James Brown – 1968 – I Can’t Stand Myself When You Touch Me
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And so the funk begins.
I Can’t Stand Myself When You Touch Me seems to be the first full funk album, more so than Sings Raw Soul, and although there are still some ballads, covers and R&B tracks here, most of the disc is proper funk. This is the type of album he would be making for the next decade.
Right from the start of the title track, this has an immediacy in the playing that hadn’t been present on his studio albums before, this album has the level of energy that he previously was unable to harness in the confines of the studio. The production is also an improvement over past attempts, making the tracks sound heavier and more lively.
Most of the songs here use the funk template: short, endlessly repeated guitar and drum lines with Brown spouting improvised-sounding lyrics over the top, and that wonderful horn section providing melody over the incredibly danceable rhythms. The best of the funky tracks are the title track, “There Was a Time” and “Get It Together” (especially Pt.2, which is probably the best track here, though the listener is spoilt for choice when it comes to sixties funk groove).
There’s also an excellent cover of jazz standard “Time After Time”, and the customary instrumentals (“The Soul of J.B.”, “Funky Soul #1) are excellent as well, being memorable and imbued with funk.
A1 I Can’t Stand By Myself (When You Touch Me) Part 1 3:25
A2 There Was A Time 3:35
A3 Get It Together Part 1 3:50
A4 Baby, Baby, Baby, Baby 4:40
A5 Time After Time 2:59
A6 The Soul Of J.B (Inst) 2:42
B1 I Can’t Stand By Myself (When You Touch Me) Part 2 3:50
B2 Get It Together Part 2 3:50
B3 Why Did You Take Your Love Away From Me 2:30
B4 Need Your Love So Bad 3:25
B5 You’ve Got To Change Your Mind 3:50
B6 Funky Soul 2:03
Review by Soulmakossa
With ‘I Can’t Stand Myself‘ Brown churned out an album that, as opposed to many of his previously released outings, shows a remarkable amount of consistency: This is a funk festival above all, and man does it get the groove juices flowin’.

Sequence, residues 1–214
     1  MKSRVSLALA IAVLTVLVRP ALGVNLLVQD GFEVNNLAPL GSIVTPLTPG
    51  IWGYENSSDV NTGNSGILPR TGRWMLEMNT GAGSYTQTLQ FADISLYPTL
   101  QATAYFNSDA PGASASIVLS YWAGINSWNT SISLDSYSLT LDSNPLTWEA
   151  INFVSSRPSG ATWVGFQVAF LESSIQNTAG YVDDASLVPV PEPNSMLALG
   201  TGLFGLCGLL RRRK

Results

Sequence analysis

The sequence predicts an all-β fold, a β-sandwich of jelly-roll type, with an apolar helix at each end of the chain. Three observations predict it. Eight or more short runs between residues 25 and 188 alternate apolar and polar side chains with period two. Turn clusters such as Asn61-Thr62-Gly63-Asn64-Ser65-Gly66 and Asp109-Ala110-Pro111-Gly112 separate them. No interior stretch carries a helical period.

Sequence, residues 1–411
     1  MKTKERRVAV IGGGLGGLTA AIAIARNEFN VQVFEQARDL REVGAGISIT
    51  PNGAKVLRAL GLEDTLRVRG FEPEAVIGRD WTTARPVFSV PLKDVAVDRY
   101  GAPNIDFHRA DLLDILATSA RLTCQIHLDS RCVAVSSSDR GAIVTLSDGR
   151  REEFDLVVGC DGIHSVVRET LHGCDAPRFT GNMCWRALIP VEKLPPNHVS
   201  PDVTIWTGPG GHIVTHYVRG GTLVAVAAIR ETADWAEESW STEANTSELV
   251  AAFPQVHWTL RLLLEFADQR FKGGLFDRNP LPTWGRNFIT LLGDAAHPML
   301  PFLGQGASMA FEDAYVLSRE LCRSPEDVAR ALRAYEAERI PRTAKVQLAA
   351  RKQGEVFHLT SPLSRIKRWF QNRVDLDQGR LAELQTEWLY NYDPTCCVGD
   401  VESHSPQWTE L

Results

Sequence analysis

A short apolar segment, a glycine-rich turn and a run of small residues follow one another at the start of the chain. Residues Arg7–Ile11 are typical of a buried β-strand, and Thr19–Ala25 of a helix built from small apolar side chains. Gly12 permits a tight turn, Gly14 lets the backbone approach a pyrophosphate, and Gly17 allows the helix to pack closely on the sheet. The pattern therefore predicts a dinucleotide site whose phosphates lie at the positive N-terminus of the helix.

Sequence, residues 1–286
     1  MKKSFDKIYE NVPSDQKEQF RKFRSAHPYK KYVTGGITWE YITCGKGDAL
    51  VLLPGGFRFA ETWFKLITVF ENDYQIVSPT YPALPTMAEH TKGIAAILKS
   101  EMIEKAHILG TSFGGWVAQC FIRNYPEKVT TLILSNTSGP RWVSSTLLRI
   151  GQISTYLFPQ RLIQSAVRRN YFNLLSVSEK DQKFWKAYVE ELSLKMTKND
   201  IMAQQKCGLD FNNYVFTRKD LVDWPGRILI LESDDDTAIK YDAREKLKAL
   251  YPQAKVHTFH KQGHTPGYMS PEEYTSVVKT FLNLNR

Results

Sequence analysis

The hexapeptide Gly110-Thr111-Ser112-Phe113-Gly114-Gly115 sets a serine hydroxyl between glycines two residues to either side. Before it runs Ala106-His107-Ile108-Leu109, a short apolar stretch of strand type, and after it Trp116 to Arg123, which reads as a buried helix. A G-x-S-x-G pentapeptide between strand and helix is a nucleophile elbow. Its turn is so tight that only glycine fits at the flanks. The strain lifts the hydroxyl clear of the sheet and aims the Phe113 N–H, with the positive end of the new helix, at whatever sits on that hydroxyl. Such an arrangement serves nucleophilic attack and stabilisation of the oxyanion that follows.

The title cut naturally was the big hit, a frantic funkathon further exploring the stuttersteppin’ groovadelics first heard on “Cold Sweat“; the drums and bass are all over this ‘un, with the Godfather delivering another super charged, super raw vocal.
Next up is funk feast no. 2, the driving rhythmic monster jam “There Was a Time“, with its persistent, incessant strut and ominous sounding horns. The bridge is so funky, it’s insane…
But wait until you hear the wickedly syncopated “Get It Together” roll on in… probably the most frantic, stupendously funky workout here. More of those stomping drums and Jimmy Nolen’s razor sharp guitar chanks.
Brown gets down in a more blues-based soulful bag with the downhome greasy vittle “Baby Baby Baby Baby“, a good ‘n’ bumpin’ slice of uptempo Southern Soul with a superb, droning Hammond purring in the back.
Even “Time After Time“, the jazz standard – and obviously recorded by a band other than James’ own Flames – is peppered up for funk consumption, with a big, brassy sound and hard socking drums.
Brown’s back with the Flames on the well-grooved instrumental “The Soul of J.B.“, proving his skills on the organ, while saxman supreme Maceo Parker goes for his on the second verse.
Most pop of all are the almost Motown-ish “When Did You Take Your Love Away” and the supper club lounger “I Need Your Love So Bad“, but Soul Brother #1 goes back to his roots as he belts out the Southern Soul vamp “You’ve Got to Change My Mind“.
But it ends on a groovin’ note, of course, with the Godfather manning the organ one more time on the swangin’, proto-blaxploitation instrumental “Funky Soul #1“.
A terrific, funk based album brimming with goodies…